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Mayday #1 Review

Story by Alex de Campi
Art by Tony Parker and Blond
Cover by Tony Parker
Published by Image Comics
Release Date: November 2, 2016

In 1971 the Cold War is in full swing. Hippies culture is cool. People protest the Vietnam war. Cars come with 8-track players. It is a groovy time to be alive. This is time and place of Mayday #1. Mayday #1—first in a 5 issue series is written by Alex de Campi and brought to life with artwork from Tony Parker and Blond.

The Writing

Alex de Campi gives us a thrill ride of a story. As you might imagine from a 5-part series, there is not much time for an introduction of characters. The action needs to grab by the lapels from the get go and does not let go. Also, de Campi has added a neat touch in that she has provided a soundtrack to Mayday, bringing the book to a higher level of experience. Furthermore, she has even created a Spotify playlist should you wish to listen while you read. Of course, you could read Mayday without listening to the music, yet, if you decide not to listen, you are cheating yourself of the whole experience.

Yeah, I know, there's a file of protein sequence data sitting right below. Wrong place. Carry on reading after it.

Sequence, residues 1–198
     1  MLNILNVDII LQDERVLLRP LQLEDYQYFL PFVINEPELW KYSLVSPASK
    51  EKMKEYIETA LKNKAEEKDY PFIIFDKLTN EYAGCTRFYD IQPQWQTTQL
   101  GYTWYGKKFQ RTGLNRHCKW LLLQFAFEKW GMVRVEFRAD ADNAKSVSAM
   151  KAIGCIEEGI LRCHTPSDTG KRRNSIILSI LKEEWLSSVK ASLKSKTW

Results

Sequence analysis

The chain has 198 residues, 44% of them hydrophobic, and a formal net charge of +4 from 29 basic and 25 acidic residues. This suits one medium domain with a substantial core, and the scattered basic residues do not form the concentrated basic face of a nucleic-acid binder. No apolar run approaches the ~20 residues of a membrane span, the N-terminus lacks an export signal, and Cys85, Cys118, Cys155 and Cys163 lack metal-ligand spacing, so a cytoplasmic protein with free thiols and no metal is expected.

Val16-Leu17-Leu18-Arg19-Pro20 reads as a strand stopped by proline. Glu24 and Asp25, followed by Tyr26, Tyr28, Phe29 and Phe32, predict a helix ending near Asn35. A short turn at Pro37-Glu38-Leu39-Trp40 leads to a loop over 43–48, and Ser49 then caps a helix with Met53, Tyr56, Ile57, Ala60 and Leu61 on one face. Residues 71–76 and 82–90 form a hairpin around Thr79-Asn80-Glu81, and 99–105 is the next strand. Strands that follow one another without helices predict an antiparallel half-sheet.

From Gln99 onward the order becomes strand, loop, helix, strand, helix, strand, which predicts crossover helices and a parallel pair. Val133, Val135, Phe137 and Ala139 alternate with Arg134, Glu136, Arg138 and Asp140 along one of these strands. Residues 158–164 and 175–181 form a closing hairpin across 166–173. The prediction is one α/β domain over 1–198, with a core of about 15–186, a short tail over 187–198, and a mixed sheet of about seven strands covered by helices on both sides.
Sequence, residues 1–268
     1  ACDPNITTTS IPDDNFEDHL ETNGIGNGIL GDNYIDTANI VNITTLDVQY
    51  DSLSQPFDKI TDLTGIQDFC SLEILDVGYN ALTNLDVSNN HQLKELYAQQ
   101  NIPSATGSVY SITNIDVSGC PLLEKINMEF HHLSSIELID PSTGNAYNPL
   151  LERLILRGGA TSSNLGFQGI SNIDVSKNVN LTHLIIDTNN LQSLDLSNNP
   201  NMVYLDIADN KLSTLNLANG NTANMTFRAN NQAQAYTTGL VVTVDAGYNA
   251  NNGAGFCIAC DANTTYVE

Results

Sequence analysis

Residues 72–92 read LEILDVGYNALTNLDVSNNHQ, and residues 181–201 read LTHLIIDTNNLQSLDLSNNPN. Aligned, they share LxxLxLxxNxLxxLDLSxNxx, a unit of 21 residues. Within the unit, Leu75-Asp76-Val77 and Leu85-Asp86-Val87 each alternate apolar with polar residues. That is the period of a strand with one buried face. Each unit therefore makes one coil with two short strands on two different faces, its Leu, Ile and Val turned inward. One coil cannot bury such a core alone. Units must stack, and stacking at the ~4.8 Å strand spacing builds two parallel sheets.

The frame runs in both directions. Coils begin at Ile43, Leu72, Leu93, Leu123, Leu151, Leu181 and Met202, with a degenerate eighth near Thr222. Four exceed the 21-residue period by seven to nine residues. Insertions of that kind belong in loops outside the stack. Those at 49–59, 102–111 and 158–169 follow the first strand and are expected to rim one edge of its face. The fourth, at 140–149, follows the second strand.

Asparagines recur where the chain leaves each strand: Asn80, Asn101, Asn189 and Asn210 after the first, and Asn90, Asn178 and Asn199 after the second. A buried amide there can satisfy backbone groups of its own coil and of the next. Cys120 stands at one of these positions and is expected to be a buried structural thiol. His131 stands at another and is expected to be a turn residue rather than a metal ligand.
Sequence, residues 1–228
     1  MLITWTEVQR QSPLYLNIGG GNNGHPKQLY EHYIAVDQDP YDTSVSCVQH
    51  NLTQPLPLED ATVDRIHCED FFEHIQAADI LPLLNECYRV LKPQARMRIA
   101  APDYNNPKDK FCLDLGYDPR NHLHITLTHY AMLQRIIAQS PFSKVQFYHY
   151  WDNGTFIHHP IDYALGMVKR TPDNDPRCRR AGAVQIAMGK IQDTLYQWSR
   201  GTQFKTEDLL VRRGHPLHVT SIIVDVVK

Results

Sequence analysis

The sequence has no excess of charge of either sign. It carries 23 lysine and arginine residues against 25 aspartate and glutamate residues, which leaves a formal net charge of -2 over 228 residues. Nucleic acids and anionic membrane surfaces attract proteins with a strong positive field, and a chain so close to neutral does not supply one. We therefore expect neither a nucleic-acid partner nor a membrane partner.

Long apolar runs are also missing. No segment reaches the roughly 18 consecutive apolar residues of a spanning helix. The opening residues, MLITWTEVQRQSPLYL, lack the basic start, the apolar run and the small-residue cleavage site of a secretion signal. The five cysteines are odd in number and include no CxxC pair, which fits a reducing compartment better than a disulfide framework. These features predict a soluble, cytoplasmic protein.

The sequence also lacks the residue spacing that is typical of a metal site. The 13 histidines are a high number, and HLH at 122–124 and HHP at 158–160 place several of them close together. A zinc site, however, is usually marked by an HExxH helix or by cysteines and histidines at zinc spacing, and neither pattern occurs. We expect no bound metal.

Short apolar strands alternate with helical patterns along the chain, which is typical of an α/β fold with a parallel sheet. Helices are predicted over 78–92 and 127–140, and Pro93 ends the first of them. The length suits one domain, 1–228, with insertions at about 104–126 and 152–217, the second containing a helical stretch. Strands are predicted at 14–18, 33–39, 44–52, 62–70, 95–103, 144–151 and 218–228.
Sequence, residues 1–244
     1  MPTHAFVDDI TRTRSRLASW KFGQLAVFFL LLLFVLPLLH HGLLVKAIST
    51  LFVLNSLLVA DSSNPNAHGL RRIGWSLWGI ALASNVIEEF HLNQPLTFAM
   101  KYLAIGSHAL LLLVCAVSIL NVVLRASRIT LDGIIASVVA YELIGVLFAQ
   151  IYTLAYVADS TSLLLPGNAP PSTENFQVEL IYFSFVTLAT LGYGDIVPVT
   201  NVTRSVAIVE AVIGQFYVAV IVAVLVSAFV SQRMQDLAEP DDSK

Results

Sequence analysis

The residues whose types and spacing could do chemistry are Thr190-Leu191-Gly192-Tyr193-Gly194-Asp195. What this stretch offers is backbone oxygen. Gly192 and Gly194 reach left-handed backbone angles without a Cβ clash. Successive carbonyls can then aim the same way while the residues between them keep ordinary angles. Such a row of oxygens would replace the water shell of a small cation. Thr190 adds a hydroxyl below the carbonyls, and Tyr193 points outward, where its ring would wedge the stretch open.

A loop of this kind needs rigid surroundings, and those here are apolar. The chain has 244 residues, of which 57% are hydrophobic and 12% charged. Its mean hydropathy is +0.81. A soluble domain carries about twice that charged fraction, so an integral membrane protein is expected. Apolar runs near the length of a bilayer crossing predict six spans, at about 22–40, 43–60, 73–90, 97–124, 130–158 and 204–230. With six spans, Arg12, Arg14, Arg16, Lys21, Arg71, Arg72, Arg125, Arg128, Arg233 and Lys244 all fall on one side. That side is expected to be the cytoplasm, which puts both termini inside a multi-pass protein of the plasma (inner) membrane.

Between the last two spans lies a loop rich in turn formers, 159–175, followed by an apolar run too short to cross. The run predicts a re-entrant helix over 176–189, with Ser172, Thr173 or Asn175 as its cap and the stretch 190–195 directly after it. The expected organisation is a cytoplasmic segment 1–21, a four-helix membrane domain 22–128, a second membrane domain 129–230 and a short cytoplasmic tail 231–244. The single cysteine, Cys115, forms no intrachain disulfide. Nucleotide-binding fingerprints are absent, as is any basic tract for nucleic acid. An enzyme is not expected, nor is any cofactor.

When people are reading, it can be so easy to simply hear the written words as you would say them. However, de Campi chooses a different tact. She uses the standard angle brackets to show that the Soviets are speaking Russian but the words are still written as if they are speaking with a stilted Russian accent. As a result, you hear the words exactly as you are supposed to hear them. Of course, if you are familiar with de Campi’s work; you already know she is a master of using simple techniques with great effect. Mayday is a sterling example of de Campi at her best.

The ArtworkAlex de Campi, Mayday

The artwork in Mayday is superb. The line work and colours transport perfectly transport the reader back to the early 70s. Tony Parker and Blond. Parker and Blond’s artwork does a fantastic job of telling a story in its own right. For example, with five panels, Parker and Blond illustrate the loneliness and isolation of Soviet defector Comrade Yeresovky. Through the images, we learn that while he knows what he did was morally right, the cost is great. He may never see his family again. His inner turmoil is written all over the five panels with not a single word uttered.

Further, once the Soviets take their first swig of LSD-laced vodka the colours become a whole new character all their own. You might even feel like you are on an acid trip yourself. Please read responsibly Pulp Nation. I warned you.

Final Thoughts: Mayday #1

The team of de Campi, Parker, and Blond have put together a strong first issue of Mayday #1. The superb writing complemented by the amazing artwork culminate to tell a thrilling Cold War story. As a result, I imagine most people who pick up the first issue will not hesitate to put the whole series on their pull list. In fact, I would imagine they made that decision before they even finished the first issue. I know I did.

Mayday #2 will reach your favourite comic book store on December 14, 2016.


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